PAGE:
10 Super Easy Practices That Are Good for the Earth—and Your Budget

In honor of Earth Day, here are 10 incredibly easy things we should all be doing: They're good for the environment and save money at the same time.

Taking major steps like installing rooftop solar panels or buying an electric car are hardly the only ways to go green. It’s very possible to practice an earth-friendly lifestyle without incurring a major cost outlay. In fact, tons of tiny, easy tweaks to what you do and what you buy day in, day out can not only help the environment, they’ll save you money as a bonus. Here are 10 green cost-saving practices for Earth Day—and every day.

  • Walk or Bike

    Capital Bikeshare, Washington, D.C.
    James A. Parcell—The Washington Post via Getty Images Capital Bikeshare, Washington, D.C.

    Cities and even many small towns are increasingly focused on becoming more walkable and bike-friendly. So why not take advantage? Obviously, neither of these modes of transportation requires the use of fossil fuels or electricity. They’re also free or nearly so. Depending on where you live, you might not even have to buy a bike: The bike share program in Washington, D.C., for instance, costs $75 per year and rides are free if they last 30 minutes or less. (Check out MONEY’s ranking of the Best Places to Walk or Bike.)

  • Group Errands Together

    150420_EM_EarthDay_GroupErrands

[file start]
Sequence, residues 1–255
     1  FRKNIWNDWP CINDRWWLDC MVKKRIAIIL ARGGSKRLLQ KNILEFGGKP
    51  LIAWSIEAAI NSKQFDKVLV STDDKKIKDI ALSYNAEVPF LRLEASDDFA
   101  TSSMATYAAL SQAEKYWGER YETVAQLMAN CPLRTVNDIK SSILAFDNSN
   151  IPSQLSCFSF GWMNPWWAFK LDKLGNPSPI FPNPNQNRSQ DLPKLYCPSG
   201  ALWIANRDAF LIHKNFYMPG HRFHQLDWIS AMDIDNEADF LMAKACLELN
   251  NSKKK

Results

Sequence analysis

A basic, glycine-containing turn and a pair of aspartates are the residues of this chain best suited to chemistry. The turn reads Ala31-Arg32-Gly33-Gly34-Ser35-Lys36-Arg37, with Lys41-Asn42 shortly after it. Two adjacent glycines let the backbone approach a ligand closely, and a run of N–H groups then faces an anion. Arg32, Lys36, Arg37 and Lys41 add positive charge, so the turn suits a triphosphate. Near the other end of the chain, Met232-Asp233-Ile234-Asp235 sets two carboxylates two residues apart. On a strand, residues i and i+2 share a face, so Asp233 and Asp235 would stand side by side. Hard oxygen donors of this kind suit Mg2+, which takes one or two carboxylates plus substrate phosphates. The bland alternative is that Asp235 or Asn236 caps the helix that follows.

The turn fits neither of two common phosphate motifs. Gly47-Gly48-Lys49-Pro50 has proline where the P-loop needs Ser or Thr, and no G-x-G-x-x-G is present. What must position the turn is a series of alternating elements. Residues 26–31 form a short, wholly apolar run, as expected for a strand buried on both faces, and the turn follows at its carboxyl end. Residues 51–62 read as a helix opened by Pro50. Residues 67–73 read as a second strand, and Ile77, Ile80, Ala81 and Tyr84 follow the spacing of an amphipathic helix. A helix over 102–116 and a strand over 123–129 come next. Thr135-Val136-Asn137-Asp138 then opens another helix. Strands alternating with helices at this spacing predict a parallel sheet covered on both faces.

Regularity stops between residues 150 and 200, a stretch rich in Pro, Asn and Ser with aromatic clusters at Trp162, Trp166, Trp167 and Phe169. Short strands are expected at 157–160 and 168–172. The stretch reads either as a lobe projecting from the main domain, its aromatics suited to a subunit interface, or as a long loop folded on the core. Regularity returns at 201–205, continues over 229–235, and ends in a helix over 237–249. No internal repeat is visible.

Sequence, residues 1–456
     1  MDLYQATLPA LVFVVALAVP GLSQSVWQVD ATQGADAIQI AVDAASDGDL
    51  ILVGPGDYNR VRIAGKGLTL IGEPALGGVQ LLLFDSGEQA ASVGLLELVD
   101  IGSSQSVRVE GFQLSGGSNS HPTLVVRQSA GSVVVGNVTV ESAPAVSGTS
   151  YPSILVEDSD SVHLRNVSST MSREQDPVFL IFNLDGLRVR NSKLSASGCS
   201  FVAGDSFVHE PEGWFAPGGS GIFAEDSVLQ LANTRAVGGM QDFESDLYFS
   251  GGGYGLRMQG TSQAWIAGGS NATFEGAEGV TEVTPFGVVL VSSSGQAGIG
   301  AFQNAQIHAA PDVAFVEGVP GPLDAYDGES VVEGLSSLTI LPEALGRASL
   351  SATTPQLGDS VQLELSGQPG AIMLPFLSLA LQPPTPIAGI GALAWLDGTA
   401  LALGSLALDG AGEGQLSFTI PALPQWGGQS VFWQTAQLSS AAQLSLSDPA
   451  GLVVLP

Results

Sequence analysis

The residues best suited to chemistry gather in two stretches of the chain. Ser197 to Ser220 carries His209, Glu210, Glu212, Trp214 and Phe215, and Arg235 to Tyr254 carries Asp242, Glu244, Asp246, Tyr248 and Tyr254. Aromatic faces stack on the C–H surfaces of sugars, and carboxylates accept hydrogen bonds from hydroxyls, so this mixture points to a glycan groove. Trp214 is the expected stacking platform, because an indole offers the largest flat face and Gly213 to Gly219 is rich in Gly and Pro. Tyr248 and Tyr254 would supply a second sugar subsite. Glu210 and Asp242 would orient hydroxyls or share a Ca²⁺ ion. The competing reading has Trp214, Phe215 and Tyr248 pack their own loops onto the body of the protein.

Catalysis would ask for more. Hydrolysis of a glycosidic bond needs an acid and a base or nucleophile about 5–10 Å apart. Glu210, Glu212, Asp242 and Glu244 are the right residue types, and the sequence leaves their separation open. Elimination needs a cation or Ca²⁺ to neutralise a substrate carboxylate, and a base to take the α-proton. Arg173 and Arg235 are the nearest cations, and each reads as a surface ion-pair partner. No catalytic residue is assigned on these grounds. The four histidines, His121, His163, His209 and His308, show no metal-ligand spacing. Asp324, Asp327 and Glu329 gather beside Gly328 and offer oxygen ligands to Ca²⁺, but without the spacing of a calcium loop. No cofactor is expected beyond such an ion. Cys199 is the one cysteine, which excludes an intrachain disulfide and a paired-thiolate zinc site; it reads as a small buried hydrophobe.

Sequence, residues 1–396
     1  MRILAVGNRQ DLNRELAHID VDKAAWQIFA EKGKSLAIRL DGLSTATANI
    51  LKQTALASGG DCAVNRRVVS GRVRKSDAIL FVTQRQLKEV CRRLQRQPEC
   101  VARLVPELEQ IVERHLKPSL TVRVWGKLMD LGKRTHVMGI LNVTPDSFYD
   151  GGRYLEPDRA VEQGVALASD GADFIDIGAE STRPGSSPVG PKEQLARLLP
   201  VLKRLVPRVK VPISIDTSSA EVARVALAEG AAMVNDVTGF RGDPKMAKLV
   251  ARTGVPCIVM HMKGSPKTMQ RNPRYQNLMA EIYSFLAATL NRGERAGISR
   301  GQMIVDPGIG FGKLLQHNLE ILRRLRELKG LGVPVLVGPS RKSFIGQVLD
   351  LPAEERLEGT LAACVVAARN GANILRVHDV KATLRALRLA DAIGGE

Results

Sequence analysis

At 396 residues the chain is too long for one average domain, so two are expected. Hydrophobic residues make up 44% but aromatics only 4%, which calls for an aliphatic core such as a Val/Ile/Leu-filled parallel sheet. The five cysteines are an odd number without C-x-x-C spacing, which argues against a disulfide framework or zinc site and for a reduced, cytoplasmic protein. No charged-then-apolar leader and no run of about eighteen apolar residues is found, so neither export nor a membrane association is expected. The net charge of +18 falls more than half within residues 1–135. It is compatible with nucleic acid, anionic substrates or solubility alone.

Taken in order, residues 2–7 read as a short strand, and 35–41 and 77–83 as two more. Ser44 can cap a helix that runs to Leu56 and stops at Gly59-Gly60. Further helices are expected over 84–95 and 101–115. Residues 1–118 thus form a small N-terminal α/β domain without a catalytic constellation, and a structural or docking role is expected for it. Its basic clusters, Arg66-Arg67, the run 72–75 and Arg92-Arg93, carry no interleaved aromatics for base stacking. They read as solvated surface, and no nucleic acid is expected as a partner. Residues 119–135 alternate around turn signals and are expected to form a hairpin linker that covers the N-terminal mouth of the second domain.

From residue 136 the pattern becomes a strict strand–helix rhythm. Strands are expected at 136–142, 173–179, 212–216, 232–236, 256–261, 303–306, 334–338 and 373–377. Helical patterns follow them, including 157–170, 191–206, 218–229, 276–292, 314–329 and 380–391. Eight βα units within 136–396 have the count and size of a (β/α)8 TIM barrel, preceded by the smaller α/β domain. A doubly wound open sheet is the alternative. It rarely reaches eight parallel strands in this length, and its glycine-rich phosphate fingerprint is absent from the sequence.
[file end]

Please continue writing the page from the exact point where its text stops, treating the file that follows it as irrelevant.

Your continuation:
Getty Images—Getty Images

    You could take separate car trips to go grocery shopping, get the oil changed in the car, and visit the doctor for an annual checkup. Or you could combine them into one outing, in a process some call “trip chaining,” which is as simple—or challenging, for some—as being a little more organized and efficient. By planning ahead and grouping errands, you save time and gas money and reduce congestion on the roads.

  • Use Public Transportation

    150420_EM_EarthDay_MassTransit
    Craig Warga—Bloomberg via Getty Images New York subway

    Some parts of the country have better public transit than others, and surveys indicate that people—millennials especially—place a high priority on living in cities with good options for getting around. This makes sense for a number of reasons. According to a study on commuter satisfaction, people who get to work on foot, bike, or via train are happiest. These options are not only more affordable compared with driving, the time of one’s commute is more consistent and therefore less stressful. Check out the tools at PublicTransportation.org to scope out transit options and see how much money and carbon emissions you could save by using public transportation in your neck of the woods.

  • Drink Tap Water

    150420_EM_EarthDay_WaterBottle2